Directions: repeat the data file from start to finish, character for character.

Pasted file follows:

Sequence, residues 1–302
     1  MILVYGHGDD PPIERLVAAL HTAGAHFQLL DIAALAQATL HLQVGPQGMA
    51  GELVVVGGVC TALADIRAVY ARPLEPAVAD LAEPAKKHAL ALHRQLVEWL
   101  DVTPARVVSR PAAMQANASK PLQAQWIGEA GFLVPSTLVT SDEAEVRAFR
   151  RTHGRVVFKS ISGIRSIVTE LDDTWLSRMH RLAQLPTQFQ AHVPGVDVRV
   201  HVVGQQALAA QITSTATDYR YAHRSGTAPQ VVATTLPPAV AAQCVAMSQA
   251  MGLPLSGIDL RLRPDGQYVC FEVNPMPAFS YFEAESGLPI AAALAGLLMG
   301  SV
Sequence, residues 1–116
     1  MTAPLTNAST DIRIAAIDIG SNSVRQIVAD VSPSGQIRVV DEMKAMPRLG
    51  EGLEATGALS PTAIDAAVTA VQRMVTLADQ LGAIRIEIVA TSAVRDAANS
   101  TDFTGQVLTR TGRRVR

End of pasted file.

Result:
Sequence, residues 1–302
     1  MILVYGHGDD PPIERLVAAL HTAGAHFQLL DIAALAQATL HLQVGPQGMA
    51  GELVVVGGVC TALADIRAVY ARPLEPAVAD LAEPAKKHAL ALHRQLVEWL
   101  DVTPARVVSR PAAMQANASK PLQAQWIGEA GFLVPSTLVT SDEAEVRAFR
   151  RTHGRVVFKS ISGIRSIVTE LDDTWLSRMH RLAQLPTQFQ AHVPGVDVRV
   201  HVVGQQALAA QITSTATDYR YAHRSGTAPQ VVATTLPPAV AAQCVAMSQA
   251  MGLPLSGIDL RLRPDGQYVC FEVNPMPAFS YFEAESGLPI AAALAGLLMG
   301  SV
Sequence, residues 1–116
     1  MTAPLTNAST DIRIAAIDIG SNSVRQIVAD VSPSGQIRVV DEMKAMPRLG
    51  EGLEATGALS PTAIDAAVTA VQRMVTLADQ LGAIRIEIVA TSAVRDAANS
   101  TDFTGQVLTR TGRRVR